Transcript: 169. Amish Stud, Eli Weaver | USA

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Love is two people promising to be there for each other, for better or for worse. When a relationship develops into a lifelong bond, there is nearly nothing one partner won’t do for the other. 

Eli Weaver was an Amish man, devoted to his culture and his wife. Or so it seemed…

This shiver-sending story shares the tales of a love story gone awry. What happens when infidelity penetrates a community built so strongly on trust and monogamy? This case spreads emotions of grief and jealousy, and most importantly, disillusionment of true love. 

>>Intro Music

The Amish migrated as whole communities to the United States as early as the mid-1700s. They traditional Christians with origins in Germany who have continued to maintain the same values, pretty much since their origin. The Amish are closely related to the Mennonite churches, who believe in similar principles and ways of living but are slightly more adapted to modern ways of living. The Amish strongly believe in plain living, including ordinary clothing, minimal distractions during family time, slow incorporation of technology, and a core view of self-sufficiency. What is not needed is not wanted, and they truly believe the key to a happy life is to live off the offerings of the earth.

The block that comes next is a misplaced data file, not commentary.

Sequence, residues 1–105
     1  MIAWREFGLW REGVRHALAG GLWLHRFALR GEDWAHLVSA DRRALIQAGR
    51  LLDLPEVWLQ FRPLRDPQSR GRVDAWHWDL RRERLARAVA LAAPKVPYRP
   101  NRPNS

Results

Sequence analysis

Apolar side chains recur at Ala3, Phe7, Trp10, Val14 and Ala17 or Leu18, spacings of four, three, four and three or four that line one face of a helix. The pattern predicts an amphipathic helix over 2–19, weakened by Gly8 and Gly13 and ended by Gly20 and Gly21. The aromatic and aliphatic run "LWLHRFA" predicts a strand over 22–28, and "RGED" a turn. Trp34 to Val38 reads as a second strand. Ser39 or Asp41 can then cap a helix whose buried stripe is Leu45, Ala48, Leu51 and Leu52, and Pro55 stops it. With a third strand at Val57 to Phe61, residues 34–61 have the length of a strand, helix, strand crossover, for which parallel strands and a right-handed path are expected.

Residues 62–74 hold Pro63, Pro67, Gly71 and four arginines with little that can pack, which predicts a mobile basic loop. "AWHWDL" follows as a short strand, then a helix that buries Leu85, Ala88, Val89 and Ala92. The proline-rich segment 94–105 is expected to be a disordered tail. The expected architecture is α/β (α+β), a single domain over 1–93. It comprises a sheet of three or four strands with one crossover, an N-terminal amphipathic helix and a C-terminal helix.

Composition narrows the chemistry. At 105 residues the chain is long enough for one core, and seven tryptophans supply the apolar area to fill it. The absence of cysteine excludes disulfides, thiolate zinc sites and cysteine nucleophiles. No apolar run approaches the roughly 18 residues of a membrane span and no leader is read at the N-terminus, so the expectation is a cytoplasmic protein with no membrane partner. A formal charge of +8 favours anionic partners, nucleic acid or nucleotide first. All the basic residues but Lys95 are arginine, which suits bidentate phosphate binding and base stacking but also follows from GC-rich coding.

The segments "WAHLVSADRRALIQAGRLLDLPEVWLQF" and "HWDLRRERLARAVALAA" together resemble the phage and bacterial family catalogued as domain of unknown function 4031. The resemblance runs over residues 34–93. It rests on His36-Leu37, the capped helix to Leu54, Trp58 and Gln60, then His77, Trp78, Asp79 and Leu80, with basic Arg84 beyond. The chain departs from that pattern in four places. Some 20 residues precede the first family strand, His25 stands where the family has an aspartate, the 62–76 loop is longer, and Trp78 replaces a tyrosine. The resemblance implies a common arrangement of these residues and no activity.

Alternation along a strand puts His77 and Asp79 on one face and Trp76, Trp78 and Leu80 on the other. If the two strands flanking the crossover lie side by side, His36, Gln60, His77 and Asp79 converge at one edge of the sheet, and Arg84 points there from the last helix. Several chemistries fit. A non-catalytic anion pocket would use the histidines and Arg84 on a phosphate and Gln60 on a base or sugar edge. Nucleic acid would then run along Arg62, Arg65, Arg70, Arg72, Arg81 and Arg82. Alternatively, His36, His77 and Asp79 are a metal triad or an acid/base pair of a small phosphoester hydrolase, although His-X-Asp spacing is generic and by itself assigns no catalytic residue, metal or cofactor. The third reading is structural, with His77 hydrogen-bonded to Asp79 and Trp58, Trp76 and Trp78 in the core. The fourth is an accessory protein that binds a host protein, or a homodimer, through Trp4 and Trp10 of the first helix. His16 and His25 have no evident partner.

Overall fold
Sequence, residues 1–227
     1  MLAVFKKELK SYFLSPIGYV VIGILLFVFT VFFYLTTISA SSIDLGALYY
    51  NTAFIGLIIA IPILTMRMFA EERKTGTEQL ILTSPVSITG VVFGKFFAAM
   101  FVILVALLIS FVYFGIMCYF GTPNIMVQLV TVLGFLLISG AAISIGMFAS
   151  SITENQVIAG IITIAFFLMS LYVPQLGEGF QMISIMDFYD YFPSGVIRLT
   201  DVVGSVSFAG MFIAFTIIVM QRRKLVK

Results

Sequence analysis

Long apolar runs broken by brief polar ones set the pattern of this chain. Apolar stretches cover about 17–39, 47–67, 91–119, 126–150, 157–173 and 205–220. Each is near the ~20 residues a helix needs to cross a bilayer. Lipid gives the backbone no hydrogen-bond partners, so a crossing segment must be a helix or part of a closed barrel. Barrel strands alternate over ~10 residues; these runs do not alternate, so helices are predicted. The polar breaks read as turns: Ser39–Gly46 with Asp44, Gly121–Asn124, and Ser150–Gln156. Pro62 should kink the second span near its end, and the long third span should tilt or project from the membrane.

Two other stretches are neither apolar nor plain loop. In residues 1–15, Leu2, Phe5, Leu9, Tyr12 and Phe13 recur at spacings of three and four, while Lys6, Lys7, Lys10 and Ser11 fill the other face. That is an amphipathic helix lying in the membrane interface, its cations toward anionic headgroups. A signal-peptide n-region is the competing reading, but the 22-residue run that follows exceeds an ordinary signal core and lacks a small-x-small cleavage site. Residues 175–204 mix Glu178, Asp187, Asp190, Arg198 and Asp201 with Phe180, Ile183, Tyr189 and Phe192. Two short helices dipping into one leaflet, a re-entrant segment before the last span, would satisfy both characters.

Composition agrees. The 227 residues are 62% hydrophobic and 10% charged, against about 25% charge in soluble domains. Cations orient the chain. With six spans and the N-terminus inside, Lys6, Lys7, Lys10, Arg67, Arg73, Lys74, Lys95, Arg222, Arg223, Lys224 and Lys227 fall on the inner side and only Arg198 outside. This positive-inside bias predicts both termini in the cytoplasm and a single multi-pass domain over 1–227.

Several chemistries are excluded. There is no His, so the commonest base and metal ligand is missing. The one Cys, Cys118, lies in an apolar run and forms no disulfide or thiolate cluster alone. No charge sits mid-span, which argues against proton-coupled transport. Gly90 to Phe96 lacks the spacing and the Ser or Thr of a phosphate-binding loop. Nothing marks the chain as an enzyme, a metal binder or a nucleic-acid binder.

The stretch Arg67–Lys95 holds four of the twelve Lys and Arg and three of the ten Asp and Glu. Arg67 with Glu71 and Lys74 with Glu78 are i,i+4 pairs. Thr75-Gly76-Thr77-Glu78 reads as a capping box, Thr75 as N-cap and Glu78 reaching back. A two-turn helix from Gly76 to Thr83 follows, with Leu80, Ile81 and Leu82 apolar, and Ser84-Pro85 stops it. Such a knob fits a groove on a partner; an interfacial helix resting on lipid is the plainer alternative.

At the ages of sixteen, each child is granted permission to leave the Amish community to see what the outside world, or the “English” world as they call it, has to offer them. This rite of passage is known as Rumspringa, literally meaning to go “jumping” outside of their community and its rules. At this point in their life, the young adults are not yet baptized by the church and are not held accountable for their actions. The Rumspringa typically lasts for about two full years, when they are eighteen. This also means the teens are exposed to a way of life they had never witnessed inside the Amish community. They can drive cars, use electronics and social media, drink alcohol, and even wear clothing that do not conform with their traditional dress code. 

After Rumspriga, young people are given the option to either stay with the church or leave for good. This is a final decision. One does not get additional time to decide, and   you’ve made your decision, there is no turning back. If you choose to go, you will never be welcomed back into the community. If you choose to stay, leaving will never be an easy option. About 90% of Amish youths opt to stay within the community and will go on to be baptized. This their home, this is what they know. Most of them don’t have many connections outside of their religious community and cannot bear the thought of walking out on friends and family they’ve known all their lives.


Once a person decides to stay, they are baptized, which allows them to marry someone within the church. Should a young Amish person want to marry someone outside of the community, they will have to leave. As a whole, Amish people are obedient and if members choose to break the rules or stray from their principles, they are shunned by the entire community, including their families.